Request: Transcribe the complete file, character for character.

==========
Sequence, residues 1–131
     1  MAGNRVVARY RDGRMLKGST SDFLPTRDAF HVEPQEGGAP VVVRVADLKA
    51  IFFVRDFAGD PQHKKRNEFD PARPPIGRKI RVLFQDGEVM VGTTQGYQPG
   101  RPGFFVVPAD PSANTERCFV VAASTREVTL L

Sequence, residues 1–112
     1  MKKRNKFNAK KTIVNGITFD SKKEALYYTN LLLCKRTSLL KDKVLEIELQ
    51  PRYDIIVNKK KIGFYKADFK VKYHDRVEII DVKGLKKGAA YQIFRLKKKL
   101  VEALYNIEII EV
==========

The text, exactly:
Sequence, residues 1–131
     1  MAGNRVVARY RDGRMLKGST SDFLPTRDAF HVEPQEGGAP VVVRVADLKA
    51  IFFVRDFAGD PQHKKRNEFD PARPPIGRKI RVLFQDGEVM VGTTQGYQPG
   101  RPGFFVVPAD PSANTERCFV VAASTREVTL L

Sequence, residues 1–112
     1  MKKRNKFNAK KTIVNGITFD SKKEALYYTN LLLCKRTSLL KDKVLEIELQ
    51  PRYDIIVNKK KIGFYKADFK VKYHDRVEII DVKGLKKGAA YQIFRLKKKL
   101  VEALYNIEII EV